For the rest of the day today, we’re playing Tumblr Tag with the accounts we follow. If you find you’ve been tagged in this post, reply with an answer to the following question:
What is your favorite fairy tale?
Susana is answering this because she has an answer that she thinks is actually interesting.
My favorite fairy tale is East of the Sun, West of the Moon. There are many ways the story is told, but as a kid, I had an edition that was illustrated by Mercer Mayer with
Sadly, no one in my family can find our copy of it now, and it’s out of print.
This version of East of the Son, West of the Moon is a bit of an amalgam of several fairy tales. It starts out exactly like The Frog Prince. Beautiful princess who refuses all suitors drops her gold ball in a well, and a talking frog offers to return it in exchange for a promise that she’ll marry him. Naturally, she promises in order to get her ball back, and then refuses to make good on it, because, duh, marrying a frog. The moment she reveals her intentions, the frog turns into a handsome prince and is whisked away by devils to a castle “east of the sun, west of the moon.” Turns out he was cursed by his his wicked stepmother, an ogre queen, and now he has to go live with her and marry one of her ogre daughters.
The princess immediately realizes that she’s in the wrong here and she’s got to do something about it. So she abandons her pampered lifestyle and embarks on an epic, globe trotting quest where she confronts and is helped by all manner of terrifying, epic elemental beasts: salamanders, great white bears, giant fish, unicorns, asking each one if they know how to get “east of the sun, and west of the moon.” Each one of them points her to another creature that takes her a little farther on her journey and/or offers her aid in the form of items like one of the fish’s silvery scales.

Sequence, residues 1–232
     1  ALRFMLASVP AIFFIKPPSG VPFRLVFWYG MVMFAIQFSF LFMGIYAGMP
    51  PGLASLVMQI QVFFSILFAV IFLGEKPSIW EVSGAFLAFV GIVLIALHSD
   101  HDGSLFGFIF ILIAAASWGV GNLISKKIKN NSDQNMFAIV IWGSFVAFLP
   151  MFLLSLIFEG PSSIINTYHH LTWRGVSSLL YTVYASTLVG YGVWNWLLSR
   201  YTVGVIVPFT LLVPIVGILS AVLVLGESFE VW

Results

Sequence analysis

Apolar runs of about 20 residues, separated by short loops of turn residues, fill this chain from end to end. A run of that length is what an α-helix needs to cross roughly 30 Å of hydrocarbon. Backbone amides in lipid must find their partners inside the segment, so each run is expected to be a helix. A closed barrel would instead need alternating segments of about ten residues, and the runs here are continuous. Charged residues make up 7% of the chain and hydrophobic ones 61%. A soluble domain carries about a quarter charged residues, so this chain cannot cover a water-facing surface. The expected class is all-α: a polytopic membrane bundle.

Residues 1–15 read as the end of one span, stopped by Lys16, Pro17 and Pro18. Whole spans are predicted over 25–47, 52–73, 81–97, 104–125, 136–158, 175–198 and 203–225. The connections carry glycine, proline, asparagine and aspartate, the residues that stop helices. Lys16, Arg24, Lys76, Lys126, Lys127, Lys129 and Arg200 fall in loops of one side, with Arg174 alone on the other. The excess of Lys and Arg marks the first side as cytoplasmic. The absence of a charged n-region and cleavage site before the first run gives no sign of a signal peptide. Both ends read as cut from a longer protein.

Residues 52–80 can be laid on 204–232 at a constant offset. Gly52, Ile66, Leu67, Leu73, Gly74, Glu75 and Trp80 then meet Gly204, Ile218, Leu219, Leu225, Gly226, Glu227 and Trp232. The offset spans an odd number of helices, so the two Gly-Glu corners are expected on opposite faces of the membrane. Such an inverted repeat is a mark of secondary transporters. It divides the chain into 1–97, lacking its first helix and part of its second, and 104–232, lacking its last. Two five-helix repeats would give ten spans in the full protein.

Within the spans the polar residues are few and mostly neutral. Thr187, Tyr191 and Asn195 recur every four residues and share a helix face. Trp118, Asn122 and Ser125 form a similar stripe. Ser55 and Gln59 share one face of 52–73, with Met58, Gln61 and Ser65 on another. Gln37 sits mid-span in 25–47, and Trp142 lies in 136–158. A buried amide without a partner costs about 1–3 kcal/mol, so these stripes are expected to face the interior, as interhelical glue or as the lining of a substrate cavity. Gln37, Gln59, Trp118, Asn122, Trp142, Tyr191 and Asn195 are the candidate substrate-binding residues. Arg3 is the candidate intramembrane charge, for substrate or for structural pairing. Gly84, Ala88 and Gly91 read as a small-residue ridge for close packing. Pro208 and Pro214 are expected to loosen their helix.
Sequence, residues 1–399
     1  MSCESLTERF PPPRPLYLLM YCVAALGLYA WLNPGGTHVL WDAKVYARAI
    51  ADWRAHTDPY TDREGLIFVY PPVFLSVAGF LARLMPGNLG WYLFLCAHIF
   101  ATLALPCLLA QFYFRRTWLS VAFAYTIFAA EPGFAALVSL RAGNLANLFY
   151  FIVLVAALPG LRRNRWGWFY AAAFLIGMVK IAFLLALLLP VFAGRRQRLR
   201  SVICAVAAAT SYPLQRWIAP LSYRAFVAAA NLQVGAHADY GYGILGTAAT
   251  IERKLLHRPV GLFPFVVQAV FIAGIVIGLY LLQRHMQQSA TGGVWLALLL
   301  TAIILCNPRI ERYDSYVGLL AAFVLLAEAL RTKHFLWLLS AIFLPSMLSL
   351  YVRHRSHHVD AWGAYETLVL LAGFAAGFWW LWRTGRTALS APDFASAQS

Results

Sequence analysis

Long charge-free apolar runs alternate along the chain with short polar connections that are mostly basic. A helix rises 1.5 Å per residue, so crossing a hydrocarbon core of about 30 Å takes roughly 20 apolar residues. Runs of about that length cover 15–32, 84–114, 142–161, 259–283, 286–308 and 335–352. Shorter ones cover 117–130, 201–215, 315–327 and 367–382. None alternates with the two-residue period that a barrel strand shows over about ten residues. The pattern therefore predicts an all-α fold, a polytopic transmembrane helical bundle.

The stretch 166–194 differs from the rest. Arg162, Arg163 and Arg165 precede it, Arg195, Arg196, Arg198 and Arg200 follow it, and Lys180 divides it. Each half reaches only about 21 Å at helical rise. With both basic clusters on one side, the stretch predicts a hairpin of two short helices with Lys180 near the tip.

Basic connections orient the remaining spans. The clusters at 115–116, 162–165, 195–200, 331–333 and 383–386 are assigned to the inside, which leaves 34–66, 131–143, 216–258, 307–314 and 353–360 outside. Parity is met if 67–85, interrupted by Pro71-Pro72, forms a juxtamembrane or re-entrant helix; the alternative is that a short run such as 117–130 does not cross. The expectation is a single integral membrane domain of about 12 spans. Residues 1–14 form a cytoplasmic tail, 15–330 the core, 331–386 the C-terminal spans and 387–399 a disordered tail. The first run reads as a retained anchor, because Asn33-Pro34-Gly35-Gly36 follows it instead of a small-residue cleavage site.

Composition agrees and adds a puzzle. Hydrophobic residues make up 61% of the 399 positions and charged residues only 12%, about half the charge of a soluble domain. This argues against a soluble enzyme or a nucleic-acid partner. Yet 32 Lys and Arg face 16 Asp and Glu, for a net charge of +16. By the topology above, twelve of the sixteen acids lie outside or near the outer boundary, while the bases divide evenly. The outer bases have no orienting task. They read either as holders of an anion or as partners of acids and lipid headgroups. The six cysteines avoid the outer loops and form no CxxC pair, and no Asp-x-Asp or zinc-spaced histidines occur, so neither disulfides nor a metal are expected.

When she arrives at the castle, she is forced into bondage by the prince’s hideous stepmother and stepsisters, while she seeks to find a way to free him from an enchanted sleep within a glass prison. Eventually she winds up shooting one of the ogres in the heart, turning some of them to stone, etc., and she and her prince live happily ever after.
At least, that’s how it goes to the best of my recollection. Like I said, nobody in my family can find our copy of it. Needless to say, between the male character who takes on characteristics of both Cinderella and Snow White; the female character who takes on the Hero’s Quest of personal growth, adventure, and restitution; and those illustrations; it really stuck in my head as a kid.
Quasi unrelated, but one of my favorite lady comic artists, Marjane Satrapi, did a slightly more grown up version of this story framework called The Sigh, if you’d be interested in that sort of thing.
And if you’re interested in another beautifully illustrated out of print fairy tale that has gender role subverting themes (and the additional, you’d-never-notice-it-as-a-kid-but-hey-wow-now-that-I’m-an-adult-yeah theme that worshiping women for their purity and damning them otherwise is bullshit), see if your library has Jane Yolen’s Dove Isabeau.